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Samuel BARBER (1910-1981)
Piano Works
Excursions Op. 20 (1944) [14:26]
Piano Sonata Op. 26 (1948) [22:15]
Ballade Op. 46 (1977) [7:38]
Souvenirs Op. 28 (1951) [17:20]
Nocturne Op. 33 (1959) [5:02]
Yesuel Moon (piano)
Hardy Rittner (piano in Souvenirs)
rec. 2019, Konzerthaus der Abtei Marienmünster, Germany
MDG SACD 904 2177-6 [66:42]

The piano sonata of Samuel Barber (no relation by the way) is one of the great American piano works of the twentieth century and has been much recorded. It is here the centrepiece of an interesting debut recital, which also includes his other published piano works – there are also some early pieces to which he did not give opus numbers – and his duet Souvenirs. The pianist is Yesuel Moon who hails from South Korea, has already won several prizes and has more recently been studying in Germany. Hardy Rittner, her duet partner in Souvenirs, is also one of her teachers.

We begin with Excursions. ‘These are “Excursions” in small classical forms in regional American idioms,’ said the composer. His publisher referred to ‘its dry Stravinskian version of boogie-woogie, blues, cowboy songs and hoedown.’ I would say that there is nothing dry about this set of pieces, nor indeed about Stravinsky’s own work. The first is playful and witty and a good test for Moon’s nimble fingers. I found the second rather aimless and meandering. The third is a charming tune and accompaniment with a middle section which is livelier and more virtuosic. The fourth reminded me of the Hoedown in Copland’s Rodeo, written at about the same time and based on a folk song.

The Ballade is very different. This is a late work, composed after the debacle of Barber’s opera Antony and Cleopatra, which sent him into a depression. It is a meditative work; its opening is uncannily close to that of Scriabin’s ninth sonata, though thereafter it finds its own way.

The piano sonata was championed by Horowitz, who also played a part in its composition, having already premiered Excursions. Barber had planned the work in three movements but Horowtitz encouraged him to add ‘a very flashy last movement, but with content.’ The first movement has a declamatory opening featuring leaps and a more lyrical second theme. Twelve-tone rows feature but not other aspects of serial technique; in fact, the idiom I would describe as some way between Walton and Tippett. The scherzo is short and tricksy, with frequent changes of metre, some bitonality and sudden switches of register. The slow movement is a passacaglia and tragic in its feeling. The finale is virtuosic not only in its pianism but also in its composition, being for most of its length, fugal. Towards the end Barber abandons fugue for real bravura writing; I wonder whether he had the ending of Beethoven’s fugal finale from the Hammerklavier sonata at the back of his mind.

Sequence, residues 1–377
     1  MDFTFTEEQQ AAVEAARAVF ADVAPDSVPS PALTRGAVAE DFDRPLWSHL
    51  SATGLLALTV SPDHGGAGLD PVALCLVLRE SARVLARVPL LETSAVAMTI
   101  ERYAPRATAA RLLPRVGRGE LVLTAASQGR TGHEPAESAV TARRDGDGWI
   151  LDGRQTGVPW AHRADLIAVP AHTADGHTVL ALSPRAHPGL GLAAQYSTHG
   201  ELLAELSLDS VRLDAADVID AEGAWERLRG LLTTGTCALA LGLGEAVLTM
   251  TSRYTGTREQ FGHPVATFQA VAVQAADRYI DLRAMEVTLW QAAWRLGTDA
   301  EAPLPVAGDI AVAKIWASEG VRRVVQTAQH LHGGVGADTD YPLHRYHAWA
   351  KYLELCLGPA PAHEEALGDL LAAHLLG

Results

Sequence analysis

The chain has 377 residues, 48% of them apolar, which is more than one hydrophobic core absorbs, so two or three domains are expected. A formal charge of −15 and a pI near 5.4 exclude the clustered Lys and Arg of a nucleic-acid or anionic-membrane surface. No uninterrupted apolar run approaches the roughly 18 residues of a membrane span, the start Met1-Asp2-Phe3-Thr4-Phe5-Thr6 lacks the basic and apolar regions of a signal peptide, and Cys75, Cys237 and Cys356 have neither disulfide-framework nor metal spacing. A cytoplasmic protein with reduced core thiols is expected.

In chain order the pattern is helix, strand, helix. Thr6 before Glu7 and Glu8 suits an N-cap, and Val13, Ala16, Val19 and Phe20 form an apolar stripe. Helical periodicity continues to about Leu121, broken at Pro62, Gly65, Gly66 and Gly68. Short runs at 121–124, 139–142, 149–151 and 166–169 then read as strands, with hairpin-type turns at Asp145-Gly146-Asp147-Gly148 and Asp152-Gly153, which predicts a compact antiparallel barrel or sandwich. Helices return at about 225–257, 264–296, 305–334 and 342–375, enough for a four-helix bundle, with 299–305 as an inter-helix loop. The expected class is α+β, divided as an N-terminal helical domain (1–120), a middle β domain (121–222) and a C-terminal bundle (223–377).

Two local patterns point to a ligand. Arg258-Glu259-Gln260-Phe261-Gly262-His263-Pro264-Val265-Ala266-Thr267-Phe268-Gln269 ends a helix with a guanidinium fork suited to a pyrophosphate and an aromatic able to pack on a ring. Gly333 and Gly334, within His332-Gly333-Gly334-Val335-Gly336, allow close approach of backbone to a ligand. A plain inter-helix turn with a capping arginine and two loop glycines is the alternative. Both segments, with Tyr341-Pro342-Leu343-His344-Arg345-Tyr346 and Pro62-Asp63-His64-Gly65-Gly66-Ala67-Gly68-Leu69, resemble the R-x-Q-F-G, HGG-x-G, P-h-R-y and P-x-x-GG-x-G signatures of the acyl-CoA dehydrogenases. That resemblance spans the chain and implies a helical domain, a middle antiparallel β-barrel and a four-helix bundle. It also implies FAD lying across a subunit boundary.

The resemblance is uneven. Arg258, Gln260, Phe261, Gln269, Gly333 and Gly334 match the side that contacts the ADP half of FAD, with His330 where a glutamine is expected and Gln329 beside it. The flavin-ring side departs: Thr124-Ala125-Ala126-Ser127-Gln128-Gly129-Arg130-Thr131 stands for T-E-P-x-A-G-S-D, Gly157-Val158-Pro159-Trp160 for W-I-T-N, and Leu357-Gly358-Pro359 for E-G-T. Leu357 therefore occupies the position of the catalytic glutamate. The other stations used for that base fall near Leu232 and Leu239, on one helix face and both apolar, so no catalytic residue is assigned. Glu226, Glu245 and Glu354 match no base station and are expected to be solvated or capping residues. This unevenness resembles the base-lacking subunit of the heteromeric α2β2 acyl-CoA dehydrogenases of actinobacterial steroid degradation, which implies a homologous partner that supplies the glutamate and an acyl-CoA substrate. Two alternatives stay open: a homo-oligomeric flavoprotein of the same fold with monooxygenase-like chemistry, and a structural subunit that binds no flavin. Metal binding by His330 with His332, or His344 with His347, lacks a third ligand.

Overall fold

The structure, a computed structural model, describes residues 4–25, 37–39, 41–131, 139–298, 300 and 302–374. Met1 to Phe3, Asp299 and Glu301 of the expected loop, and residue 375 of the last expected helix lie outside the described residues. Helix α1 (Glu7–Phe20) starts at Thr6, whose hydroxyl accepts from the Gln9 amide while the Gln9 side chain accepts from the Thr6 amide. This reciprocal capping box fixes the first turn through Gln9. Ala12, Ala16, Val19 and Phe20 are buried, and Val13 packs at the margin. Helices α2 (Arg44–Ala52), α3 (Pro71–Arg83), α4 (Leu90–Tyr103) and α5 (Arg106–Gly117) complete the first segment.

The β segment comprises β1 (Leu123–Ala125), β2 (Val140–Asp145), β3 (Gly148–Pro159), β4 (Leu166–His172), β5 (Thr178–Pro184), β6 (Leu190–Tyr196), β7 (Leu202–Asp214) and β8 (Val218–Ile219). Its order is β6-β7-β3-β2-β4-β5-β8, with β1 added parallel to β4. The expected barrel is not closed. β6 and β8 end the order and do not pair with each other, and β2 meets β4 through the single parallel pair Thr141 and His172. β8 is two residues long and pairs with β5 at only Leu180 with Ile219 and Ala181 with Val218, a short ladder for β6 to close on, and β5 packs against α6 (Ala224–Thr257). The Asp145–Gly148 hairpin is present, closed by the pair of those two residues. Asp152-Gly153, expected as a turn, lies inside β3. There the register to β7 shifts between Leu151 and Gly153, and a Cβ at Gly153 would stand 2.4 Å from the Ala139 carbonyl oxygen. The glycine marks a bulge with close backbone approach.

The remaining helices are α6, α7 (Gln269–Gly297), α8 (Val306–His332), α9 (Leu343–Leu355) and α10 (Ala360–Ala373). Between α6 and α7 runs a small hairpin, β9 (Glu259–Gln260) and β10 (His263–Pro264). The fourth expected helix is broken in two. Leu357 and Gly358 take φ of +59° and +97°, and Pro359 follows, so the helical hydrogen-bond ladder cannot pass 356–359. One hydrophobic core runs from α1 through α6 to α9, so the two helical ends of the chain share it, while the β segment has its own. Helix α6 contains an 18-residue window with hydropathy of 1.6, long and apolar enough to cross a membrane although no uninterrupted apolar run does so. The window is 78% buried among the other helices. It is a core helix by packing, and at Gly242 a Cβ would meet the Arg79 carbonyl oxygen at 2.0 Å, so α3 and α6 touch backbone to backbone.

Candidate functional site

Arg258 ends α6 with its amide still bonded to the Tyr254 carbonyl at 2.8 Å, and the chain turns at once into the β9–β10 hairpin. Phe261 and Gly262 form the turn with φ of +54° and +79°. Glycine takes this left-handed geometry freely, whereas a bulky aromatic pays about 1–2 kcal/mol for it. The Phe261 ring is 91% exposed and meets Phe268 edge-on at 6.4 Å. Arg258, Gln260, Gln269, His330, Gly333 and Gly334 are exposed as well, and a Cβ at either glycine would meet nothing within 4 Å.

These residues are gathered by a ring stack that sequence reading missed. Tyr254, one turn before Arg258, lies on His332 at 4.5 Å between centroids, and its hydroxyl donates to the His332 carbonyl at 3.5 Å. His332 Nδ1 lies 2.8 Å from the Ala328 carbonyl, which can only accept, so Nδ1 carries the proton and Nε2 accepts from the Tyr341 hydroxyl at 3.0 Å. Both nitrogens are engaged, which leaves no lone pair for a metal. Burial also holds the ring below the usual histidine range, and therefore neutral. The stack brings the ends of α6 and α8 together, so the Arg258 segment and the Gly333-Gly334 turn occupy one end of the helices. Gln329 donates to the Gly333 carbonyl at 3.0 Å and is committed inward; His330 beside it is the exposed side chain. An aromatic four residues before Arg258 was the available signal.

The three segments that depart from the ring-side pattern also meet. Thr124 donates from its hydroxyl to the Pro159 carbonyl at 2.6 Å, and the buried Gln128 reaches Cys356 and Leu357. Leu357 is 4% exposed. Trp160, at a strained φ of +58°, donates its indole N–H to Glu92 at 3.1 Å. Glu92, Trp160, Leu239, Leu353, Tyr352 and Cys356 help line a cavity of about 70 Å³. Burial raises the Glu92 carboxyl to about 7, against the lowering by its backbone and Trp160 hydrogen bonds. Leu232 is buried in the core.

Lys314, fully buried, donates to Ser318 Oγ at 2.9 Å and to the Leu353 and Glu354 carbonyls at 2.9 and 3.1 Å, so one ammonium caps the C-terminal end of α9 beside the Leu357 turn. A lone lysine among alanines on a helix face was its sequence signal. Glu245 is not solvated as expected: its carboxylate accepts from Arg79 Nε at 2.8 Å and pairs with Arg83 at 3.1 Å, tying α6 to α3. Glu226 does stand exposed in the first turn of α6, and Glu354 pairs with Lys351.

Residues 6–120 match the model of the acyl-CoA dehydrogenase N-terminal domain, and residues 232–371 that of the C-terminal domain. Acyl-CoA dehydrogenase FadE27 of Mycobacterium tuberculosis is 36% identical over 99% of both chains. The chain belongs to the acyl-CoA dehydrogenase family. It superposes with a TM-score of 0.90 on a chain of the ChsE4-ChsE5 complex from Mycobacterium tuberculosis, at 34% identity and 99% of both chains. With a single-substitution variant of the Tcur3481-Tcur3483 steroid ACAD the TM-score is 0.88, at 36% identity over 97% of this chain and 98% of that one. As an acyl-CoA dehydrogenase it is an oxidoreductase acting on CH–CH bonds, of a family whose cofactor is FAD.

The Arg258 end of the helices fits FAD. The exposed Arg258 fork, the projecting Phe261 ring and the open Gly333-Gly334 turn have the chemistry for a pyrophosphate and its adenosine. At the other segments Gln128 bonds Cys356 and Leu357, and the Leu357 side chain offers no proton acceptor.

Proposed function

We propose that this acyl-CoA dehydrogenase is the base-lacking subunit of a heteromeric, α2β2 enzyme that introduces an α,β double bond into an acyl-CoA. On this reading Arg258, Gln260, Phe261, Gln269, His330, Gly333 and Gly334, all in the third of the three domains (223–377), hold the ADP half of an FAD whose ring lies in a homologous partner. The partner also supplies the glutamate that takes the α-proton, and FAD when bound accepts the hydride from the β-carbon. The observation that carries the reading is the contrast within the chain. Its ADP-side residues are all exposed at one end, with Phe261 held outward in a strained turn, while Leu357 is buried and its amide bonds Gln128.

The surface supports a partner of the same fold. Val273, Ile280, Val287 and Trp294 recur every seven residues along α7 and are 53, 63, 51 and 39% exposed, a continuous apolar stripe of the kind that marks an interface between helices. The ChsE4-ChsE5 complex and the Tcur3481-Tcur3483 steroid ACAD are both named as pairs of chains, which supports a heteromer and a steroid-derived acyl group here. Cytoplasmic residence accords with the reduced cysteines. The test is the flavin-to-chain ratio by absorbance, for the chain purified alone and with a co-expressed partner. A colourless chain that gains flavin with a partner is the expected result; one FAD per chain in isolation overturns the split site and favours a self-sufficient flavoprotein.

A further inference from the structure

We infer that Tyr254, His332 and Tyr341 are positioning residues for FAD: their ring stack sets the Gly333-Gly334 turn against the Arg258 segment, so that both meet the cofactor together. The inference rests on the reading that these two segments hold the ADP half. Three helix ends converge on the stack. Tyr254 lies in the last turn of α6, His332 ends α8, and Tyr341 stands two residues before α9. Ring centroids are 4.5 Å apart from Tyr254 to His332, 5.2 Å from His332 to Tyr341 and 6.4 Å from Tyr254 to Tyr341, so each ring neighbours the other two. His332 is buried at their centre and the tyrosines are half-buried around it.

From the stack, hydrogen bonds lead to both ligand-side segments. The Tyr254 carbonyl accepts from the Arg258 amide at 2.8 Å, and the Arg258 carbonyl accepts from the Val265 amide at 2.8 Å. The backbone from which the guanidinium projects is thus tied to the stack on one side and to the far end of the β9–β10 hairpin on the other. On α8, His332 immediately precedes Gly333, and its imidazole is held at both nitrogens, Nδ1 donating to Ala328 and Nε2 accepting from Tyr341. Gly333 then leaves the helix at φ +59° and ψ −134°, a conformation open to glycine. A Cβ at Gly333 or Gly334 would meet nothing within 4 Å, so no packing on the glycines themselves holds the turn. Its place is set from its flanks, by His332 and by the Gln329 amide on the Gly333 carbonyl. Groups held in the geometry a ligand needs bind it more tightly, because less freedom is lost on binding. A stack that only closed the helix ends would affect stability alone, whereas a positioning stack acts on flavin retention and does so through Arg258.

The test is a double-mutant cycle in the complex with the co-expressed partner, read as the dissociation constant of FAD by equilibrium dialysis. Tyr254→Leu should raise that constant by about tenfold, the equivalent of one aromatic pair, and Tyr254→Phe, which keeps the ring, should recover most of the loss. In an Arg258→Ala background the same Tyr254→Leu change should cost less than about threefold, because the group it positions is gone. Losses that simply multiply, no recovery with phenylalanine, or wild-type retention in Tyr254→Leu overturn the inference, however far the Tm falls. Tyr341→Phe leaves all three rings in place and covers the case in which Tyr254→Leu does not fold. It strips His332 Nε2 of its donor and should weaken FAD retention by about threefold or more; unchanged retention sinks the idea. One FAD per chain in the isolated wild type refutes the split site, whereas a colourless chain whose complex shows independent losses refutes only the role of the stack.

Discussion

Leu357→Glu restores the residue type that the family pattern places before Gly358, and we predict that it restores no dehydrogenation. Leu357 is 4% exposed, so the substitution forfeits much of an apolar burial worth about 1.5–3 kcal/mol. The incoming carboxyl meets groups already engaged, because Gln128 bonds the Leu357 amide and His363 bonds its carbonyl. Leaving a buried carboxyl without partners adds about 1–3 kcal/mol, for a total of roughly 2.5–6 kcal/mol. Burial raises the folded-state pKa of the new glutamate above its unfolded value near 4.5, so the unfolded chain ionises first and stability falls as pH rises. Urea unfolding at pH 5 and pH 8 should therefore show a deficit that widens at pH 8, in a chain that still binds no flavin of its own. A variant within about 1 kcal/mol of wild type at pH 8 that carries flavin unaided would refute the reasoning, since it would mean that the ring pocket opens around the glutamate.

Souvenirs is a set of six sketches for piano duet. Barber subsequently arranged it for solo piano, for two pianos and for orchestra. I am slightly surprised that Moon did not choose to play the solo version, but this duet version is the original. These are light pieces in a variety of dance forms, none long and all charming. Moon and the veteran Hardy Rittner make a fine duet team.

Finally, we have the Nocturne. This is subtitled Homage to John Field. The Irish composer Field invented the Nocturne as a piano genre, though of course it was Chopin, who admired Field, who popularized it. Despite the subtitle, this sounds to me much closer to Chopin than to Field, reworking Chopin’s style in a twentieth-century idiom. Actually, the increasingly elaborate treble part over a relatively unchanging bass reminded me even more of Chopin’s Berceuse. Again, there are twelve-tone rows but the idiom remains lyrical.

Yesuel Moon tackles all these pieces with gusto, revelling in the different moods of the shorter works and rising to the challenge of the piano sonata. I enjoyed her playing very much. The recording – I was listening in two-channel stereo – is excellent. There are, of course, numerous other recordings of the sonata; Horowitz’s own seems currently unobtainable on CD though it is available in other formats. Of other versions I am familiar with Hamelin’s predictably powerful version, coupled on Hyperion with Ives’s Concord sonata. There are other versions with the rest of Barber’s small but impressive piano output, but I am happy to recommend Moon’s debut disc as both enterprising and rewarding.

Stephen Barber

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